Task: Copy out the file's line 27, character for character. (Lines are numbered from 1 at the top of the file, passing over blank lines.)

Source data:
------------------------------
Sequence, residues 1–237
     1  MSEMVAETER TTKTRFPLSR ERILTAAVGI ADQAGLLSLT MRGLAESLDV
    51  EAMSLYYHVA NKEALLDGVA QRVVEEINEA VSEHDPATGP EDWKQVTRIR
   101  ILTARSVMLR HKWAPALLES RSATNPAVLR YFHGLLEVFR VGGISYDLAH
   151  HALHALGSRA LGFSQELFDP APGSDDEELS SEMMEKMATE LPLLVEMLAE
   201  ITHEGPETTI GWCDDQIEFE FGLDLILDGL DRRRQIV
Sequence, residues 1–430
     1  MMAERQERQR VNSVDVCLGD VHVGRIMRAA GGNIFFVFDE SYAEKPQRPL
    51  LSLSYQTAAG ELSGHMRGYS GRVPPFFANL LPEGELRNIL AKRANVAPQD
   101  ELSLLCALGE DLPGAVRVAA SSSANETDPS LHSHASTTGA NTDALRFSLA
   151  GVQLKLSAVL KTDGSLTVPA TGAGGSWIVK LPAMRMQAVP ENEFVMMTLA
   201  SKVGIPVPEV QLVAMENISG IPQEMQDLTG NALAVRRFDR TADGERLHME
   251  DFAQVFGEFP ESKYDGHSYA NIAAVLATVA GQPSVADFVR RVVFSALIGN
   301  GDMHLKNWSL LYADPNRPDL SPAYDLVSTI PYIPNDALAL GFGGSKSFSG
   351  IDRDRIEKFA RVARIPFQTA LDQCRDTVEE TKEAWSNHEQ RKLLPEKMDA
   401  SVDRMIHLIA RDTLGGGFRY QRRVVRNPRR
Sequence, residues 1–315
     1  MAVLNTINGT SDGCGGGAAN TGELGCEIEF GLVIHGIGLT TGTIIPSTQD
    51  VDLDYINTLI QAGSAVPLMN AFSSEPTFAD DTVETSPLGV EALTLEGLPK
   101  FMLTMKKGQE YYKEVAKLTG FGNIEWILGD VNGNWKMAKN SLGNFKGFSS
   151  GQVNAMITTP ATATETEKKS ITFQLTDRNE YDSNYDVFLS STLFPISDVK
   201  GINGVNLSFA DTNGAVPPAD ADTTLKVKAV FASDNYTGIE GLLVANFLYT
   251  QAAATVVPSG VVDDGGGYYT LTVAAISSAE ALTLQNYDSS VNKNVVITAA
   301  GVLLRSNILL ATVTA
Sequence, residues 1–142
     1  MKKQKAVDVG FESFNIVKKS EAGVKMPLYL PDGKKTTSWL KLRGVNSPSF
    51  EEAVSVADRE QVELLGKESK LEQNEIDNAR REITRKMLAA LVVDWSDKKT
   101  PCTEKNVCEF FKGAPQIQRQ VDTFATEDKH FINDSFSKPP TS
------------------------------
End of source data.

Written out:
    51  EEAVSVADRE QVELLGKESK LEQNEIDNAR REITRKMLAA LVVDWSDKKT